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Discover 5% Bonus~Groceries/restaurants etc
Old 09-01-2009, 04:13 PM   #1
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Discover 5% Bonus~Groceries/restaurants etc

Just signed up for the Oct-Dec 5% Bonus. Since it's only $20, it's no big deal, unless you do not want to claim the $20.

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Thank you for participating in our 5% Cashback Bonus program. We just wanted to remind you how easy it is to make your money worth More.


Just use your card at grocery stores, restaurants and on movie tickets and rentals from October 1, 2009 until December 31, 2009, and get 5% Cashback Bonus* on up to $400 in these purchases. Remember, all your other purchases will earn up to 1% unlimited Cashback Bonus automatically.

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Old 09-01-2009, 11:39 PM   #2
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Thanks for reminding me - I just went and signed up. That's pretty much the only time that we use our Discover card now - for those 5% bonuses. But we make sure to max those out every quarter!
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Old 09-02-2009, 01:12 AM   #3
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I recently came across an infographic where they mentioned your purchase and its effect on credit score. It mentioned that buying groceries using your credit card has adverse effect on your credit score (and my jaw dropped) The reasoning was, you can not even afford to buy your groceries, bare necessities, with cash (in fact, I prefer not to handle cash)

So I wonder if this 5% cashback worth affecting credit score?
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Old 09-02-2009, 01:25 AM   #4
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Interesting! I used to always pay cash (well, ATM card) for groceries. Now I use my Hilton AMEX, because they pay a bonus for grocery purchases. It's all a game with us - we chase points, rebates, whoever wants to pay us! My DH knows to ask me whenever we charge - which card does this go on, honey? In other words, who pays a bonus for this type of purchase?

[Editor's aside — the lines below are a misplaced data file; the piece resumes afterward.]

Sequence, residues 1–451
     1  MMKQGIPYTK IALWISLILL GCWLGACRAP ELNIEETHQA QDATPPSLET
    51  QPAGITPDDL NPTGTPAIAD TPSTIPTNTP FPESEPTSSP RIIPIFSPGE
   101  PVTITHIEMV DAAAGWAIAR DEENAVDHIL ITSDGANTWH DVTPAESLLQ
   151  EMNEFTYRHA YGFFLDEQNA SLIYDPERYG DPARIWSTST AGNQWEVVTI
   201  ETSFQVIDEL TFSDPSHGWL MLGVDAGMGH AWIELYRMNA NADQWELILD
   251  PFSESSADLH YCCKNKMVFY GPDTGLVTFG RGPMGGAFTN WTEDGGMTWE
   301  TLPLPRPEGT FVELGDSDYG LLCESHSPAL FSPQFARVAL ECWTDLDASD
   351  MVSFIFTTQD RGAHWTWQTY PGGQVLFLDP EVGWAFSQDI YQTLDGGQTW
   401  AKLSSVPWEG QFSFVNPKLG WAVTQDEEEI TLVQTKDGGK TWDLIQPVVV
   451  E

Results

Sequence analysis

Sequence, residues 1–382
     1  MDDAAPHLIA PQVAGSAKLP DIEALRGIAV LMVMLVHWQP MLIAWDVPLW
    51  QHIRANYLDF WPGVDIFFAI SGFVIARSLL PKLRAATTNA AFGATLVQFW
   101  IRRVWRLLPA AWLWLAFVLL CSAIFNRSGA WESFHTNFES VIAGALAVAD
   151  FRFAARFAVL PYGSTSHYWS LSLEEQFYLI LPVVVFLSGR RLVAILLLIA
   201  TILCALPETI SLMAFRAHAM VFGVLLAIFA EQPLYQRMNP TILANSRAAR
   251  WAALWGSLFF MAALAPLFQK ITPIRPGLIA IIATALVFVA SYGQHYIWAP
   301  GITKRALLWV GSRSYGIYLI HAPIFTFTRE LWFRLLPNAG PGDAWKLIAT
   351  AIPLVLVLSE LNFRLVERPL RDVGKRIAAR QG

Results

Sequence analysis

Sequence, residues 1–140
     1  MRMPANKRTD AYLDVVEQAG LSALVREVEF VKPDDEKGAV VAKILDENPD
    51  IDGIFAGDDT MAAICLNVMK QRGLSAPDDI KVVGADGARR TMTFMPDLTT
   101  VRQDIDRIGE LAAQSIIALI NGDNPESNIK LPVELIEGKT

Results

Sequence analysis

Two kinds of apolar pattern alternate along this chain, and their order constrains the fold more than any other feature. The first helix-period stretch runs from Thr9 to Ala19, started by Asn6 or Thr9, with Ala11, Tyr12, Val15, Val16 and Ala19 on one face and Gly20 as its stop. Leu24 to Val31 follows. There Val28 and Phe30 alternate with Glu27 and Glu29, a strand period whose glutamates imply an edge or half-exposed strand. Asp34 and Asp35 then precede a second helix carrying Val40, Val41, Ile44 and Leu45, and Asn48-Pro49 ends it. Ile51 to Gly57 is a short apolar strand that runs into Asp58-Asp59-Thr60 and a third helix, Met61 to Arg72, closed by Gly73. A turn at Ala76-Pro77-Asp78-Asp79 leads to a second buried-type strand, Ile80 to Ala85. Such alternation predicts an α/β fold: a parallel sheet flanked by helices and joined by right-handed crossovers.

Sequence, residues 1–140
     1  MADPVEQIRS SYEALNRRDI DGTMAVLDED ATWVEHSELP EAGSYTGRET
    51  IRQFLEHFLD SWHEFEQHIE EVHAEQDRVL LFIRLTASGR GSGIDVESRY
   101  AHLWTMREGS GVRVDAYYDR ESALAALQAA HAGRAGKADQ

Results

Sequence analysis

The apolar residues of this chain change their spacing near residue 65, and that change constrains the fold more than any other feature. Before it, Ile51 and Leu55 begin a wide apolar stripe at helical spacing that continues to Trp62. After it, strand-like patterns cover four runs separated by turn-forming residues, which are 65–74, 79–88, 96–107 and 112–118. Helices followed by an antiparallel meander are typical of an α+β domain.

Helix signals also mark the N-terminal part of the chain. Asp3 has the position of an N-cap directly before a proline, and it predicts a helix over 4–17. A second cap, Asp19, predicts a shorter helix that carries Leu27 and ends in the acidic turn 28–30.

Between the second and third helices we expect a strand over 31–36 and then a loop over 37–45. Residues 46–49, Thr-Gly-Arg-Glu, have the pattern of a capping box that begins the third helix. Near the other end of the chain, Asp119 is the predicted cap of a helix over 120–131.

As far as I know, FICO doesn't get any information about the type of charges that you're doing - they just get your balance and payment information. I may be wrong - but I would be surprised if they get component information about your charges.
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Old 09-02-2009, 09:39 AM   #5
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I recently came across an infographic where they mentioned your purchase and its effect on credit score. It mentioned that buying groceries using your credit card has adverse effect on your credit score (and my jaw dropped) The reasoning was, you can not even afford to buy your groceries, bare necessities, with cash (in fact, I prefer not to handle cash)

So I wonder if this 5% cashback worth affecting credit score?
Can you provide a link to the infographic (if you saw it on the web, that is)? It is hard to imagine that your credit score could be affected by buying groceries with a credit card. I pay my water bill with a credit card. Water is also a necessity. We pay just about everything with credit cards except gas, electric, and phone which are bank drafts -- and the occasional one off things that require a paper check, or for which a paper check is more convenient.
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Old 09-02-2009, 10:18 AM   #6
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Originally Posted by noelm View Post
I recently came across an infographic where they mentioned your purchase and its effect on credit score. It mentioned that buying groceries using your credit card has adverse effect on your credit score (and my jaw dropped) The reasoning was, you can not even afford to buy your groceries, bare necessities, with cash (in fact, I prefer not to handle cash)

So I wonder if this 5% cashback worth affecting credit score?
Not true (in my sample of one anyway), We always use CC for all purchases (including groceries) and have for years. and score is north of 800. Of course, always pay the balance in full each month
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Old 09-02-2009, 05:13 PM   #7
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Quote:
Originally Posted by noelm View Post
I recently came across an infographic where they mentioned your purchase and its effect on credit score. It mentioned that buying groceries using your credit card has adverse effect on your credit score (and my jaw dropped) The reasoning was, you can not even afford to buy your groceries, bare necessities, with cash (in fact, I prefer not to handle cash)

So I wonder if this 5% cashback worth affecting credit score?
I recall reading that tidbit a while ago and I recall that the idea was that if your charged your food, you were probably out of cash, thus a poor credit risk. I don't know if that was true then, but I doubt that it's true today because all grocery stores accept plastic now and many (most of them post here) folks charge close to 100% of their purchases these days and pay off the balance monthly.
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Old 09-02-2009, 05:28 PM   #8
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Quote:
Originally Posted by noelm View Post
I recently came across an infographic where they mentioned your purchase and its effect on credit score. It mentioned that buying groceries using your credit card has adverse effect on your credit score (and my jaw dropped) The reasoning was, you can not even afford to buy your groceries, bare necessities, with cash (in fact, I prefer not to handle cash)

So I wonder if this 5% cashback worth affecting credit score?